By John Suayan | The Center Square
The state of education in New Hampshire in the age of COVID-19 is a tale of two opposites.
Public schools throughout the Granite State are struggling to keep students, while its private schools are enjoying an increase in enrollment.
Building Block Commons in Exeter is among the bevy of private schools that are taking the coronavirus in stride.
With a student body of 100, social distancing would not be a problem. Teachers have ample amounts of personal protection equipment to use, and classrooms have been upgraded to ensure good air flow and hygiene.
Schools like BBC began to appear more appealing to parents who are leery about the more crowded public schools during the ongoing public health emergency.
New Hampshire Public Radio reported that boarding schools are also benefiting from the newfound interest in smaller, more independent schools. With a drop in international student enrollment, local students are given the chance to fill spots that would normally be coveted in normal circumstances.
BBC Director Wren Hayes told NHPR that her school is fielding requests from “desperate” families in the area.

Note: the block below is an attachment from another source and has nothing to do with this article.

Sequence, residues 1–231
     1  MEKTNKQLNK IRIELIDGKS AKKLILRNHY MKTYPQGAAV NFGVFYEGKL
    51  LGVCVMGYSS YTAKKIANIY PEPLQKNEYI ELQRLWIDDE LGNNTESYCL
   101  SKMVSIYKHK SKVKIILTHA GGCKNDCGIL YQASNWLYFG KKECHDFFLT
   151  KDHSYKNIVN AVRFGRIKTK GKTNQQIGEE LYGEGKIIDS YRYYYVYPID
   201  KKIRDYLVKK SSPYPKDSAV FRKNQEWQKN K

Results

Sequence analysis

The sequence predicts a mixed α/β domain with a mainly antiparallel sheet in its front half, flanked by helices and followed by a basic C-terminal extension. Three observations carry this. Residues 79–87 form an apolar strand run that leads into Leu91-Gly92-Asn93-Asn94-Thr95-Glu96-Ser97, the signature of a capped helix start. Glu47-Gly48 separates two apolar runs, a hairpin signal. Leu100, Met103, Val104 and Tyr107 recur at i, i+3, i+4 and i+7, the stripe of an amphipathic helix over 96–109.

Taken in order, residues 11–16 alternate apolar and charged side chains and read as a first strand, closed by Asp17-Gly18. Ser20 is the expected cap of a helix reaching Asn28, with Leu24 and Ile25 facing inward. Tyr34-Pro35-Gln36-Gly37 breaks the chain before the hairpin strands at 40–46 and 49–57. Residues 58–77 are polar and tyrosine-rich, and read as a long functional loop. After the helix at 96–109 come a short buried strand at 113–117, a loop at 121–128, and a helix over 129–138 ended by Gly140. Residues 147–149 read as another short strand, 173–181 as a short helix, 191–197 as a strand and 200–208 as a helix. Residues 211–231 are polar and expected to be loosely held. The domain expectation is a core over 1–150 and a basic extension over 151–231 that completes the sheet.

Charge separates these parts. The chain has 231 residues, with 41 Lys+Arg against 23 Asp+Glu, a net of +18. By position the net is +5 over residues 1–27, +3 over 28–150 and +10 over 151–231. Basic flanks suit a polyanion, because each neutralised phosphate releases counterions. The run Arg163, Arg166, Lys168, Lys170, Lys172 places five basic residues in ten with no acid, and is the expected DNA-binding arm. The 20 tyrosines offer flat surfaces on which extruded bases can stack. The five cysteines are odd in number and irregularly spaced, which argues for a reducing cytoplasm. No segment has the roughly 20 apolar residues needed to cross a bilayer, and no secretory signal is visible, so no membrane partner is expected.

“You just hear it, because you get repeat phone calls,” she told the station.
Chris Yonker and his wife were among the fortunate ones whose children earned a spot at BBC. Their daughter is coming in from public school.
“As soon as we realized in April and May that the virus isn’t [going to] go away, it’s going to be here in the fall, the public systems – they don’t have it together now. … I just didn’t see they were going to have it together the way we want to be part of,” Yonker told NHPR.
Catholic schools have also taken advantage of the purported exodus out of New Hampshire public schools. Many faith-based learning institutions have told the station that they expect their enrollment numbers to spike in the new academic year.